We should not exaggerate that potential liability. It was after all contingent on Zeta's failing. True, it is possible that AM International would have been willing to pay $22 million for Zeta even though it thought there was a high probability that Zeta would go bust in five years; for we do not know what the value of Zeta's assets was at the time of the purchase. But at this stage of the lawsuit doubts must be resolved in Nicolet's favor. Suppose therefore that AM International thought there was a negligible probability that Zeta would go bust within five years and a 10 percent probability that it would go bust between the end of that time and the expiration of the lease. Then the cost to AM International of guaranteeing the lease would be the discounted present value of $260,000--that being 10 percent of the rental and associated expenses that would fall due between the end of the fifth year after the sale and the expiration of the lease. That discounted present value, surely no more than $200,000 and probably less (at a 10 percent discount rate, the present value of $260,000 in five years is only $161,000), would be only a small fraction of the $22 million purchase price--perhaps too small for AM International to worry about. And, if so, then Nicolet might, had the law firm done its job, today be $2.6 million to the good. We say "might" rather than "would" because AM International entered bankruptcy before the lease expired and might therefore not have been able to make good on a promise to indemnify Nicolet. But that issue, which has yet to be explored, goes to the amount of Nicolet's damages rather than to the question whether it was injured at all. A further complication in the counterfactual world of damages is that when AM International sold Zeta in 1990 it might, had it guaranteed the lease, have obtained a promise of indemnification from the purchaser, who so far as we know is not bankrupt. Enough! Damages are not the issue.
The negotiator for AM International testified that he might have asked Nicolet for a $2 million price reduction in exchange for a promise to guarantee the lease. Indeed he might have; but a lot of demands are made in negotiations that do not represent a party's final, unbudgeable position. It would have been irrational for AM International to insist on such a reduction unless it was buying Zeta in the expectation that Zeta would fail. To price the contingent liability represented by such a promise of indemnity at $2 million would be to assume that there was about a 75 percent chance that Zeta would fail by the end of the fifth year, putting AM International $2.6 million in the hole. There is as yet no evidence to support such an assumption.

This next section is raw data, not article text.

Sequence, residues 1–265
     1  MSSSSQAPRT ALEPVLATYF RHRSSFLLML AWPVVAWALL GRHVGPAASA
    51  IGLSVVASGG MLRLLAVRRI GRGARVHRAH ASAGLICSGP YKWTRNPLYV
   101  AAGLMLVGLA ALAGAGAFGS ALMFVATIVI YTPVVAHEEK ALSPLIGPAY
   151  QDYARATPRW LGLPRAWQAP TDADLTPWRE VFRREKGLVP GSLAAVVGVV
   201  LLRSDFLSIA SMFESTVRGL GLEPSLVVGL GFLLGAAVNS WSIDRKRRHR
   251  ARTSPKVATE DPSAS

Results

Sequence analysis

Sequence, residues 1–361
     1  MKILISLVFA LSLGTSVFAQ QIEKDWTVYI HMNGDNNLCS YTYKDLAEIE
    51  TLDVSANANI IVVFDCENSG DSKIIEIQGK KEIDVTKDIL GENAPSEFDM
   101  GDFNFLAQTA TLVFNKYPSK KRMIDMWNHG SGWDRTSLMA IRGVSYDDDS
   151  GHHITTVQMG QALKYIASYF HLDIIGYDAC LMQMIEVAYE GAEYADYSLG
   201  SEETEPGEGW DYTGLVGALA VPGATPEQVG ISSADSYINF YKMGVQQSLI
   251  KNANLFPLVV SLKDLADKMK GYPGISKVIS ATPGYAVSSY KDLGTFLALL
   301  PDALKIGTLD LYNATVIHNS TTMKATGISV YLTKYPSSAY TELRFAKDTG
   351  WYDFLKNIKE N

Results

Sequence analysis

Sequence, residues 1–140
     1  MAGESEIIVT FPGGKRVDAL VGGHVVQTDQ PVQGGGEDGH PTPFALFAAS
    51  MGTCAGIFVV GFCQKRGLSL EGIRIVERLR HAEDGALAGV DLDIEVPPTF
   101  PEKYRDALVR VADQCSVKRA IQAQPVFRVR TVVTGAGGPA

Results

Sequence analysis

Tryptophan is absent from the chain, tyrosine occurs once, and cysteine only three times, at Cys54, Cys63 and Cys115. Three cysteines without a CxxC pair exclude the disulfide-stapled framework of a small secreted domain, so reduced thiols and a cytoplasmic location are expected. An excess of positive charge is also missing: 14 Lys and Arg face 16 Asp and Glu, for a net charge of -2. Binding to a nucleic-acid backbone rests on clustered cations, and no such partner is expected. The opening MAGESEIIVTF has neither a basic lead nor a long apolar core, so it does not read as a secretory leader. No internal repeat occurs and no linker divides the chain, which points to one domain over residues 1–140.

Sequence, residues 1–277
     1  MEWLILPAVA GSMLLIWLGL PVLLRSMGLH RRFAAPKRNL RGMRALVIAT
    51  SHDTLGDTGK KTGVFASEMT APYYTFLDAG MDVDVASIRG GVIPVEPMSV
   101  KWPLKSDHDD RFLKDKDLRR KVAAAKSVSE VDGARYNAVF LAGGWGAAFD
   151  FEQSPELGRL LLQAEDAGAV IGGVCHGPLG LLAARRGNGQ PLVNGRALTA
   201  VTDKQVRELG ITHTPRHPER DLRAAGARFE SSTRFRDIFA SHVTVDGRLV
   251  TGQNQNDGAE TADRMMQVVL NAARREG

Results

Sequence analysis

The law firm points out that $22 million even with the retention of the contingent liability was a good deal for Nicolet, given Zeta's dismal, though hidden, future. That is true but it would have been an even better deal if Nicolet could have shifted the liability or at least most of it to AM International with little or no reduction in the purchase price. The baseline for measuring damages is the world as it would have been had it not been for the defendant's wrong. It is also true that Nicolet's then chief executive testified that if AM International had been adamant against taking on the liability, he would not have insisted; for, ex ante as well as ex post, he considered $22 million a good price even with the contingent liability under the lease retained. But as already explained we cannot assume that AM International would have credibly threatened that it would break off negotiations unless Nicolet agreed to pay it a huge premium to assume Nicolet's contingent liability.
One might think that even though the issue of causation--is it more likely than not that, but for the law firm's alleged negligence, Nicolet would not have sustained a loss of $2.6 million?--is susceptible of rational determination, the issue of damages--how much better off would Nicolet have been if the law firm had not dropped the ball?--is hopelessly speculative. But the law firm does not make the argument, which in any event is premature. Should Nicolet be unable to present at trial evidence upon which a rational jury can base a reasonable estimate of damages--a requirement that we take seriously, Zazu Designs v. L'Oreal, S.A., 979 F.2d 499, 505-06 (7th Cir.1992); Schiller & Schmidt, Inc. v. Nordisco Corp., 969 F.2d 410, 415-16 (7th Cir.1992); Olympia Equipment Leasing Co. v. Western Union Telegraph Co., 797 F.2d 370, 382-83 (7th Cir.1986)--Nicolet will lose.
REVERSED AND REMANDED.